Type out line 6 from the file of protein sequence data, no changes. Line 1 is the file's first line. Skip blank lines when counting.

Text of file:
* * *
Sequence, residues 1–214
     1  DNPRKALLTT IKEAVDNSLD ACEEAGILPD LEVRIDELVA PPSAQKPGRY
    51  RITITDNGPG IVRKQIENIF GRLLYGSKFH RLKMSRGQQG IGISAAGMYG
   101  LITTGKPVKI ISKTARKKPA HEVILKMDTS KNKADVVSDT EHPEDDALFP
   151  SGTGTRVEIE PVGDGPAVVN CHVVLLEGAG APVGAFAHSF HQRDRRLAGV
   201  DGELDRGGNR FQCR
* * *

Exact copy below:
   201  DGELDRGGNR FQCR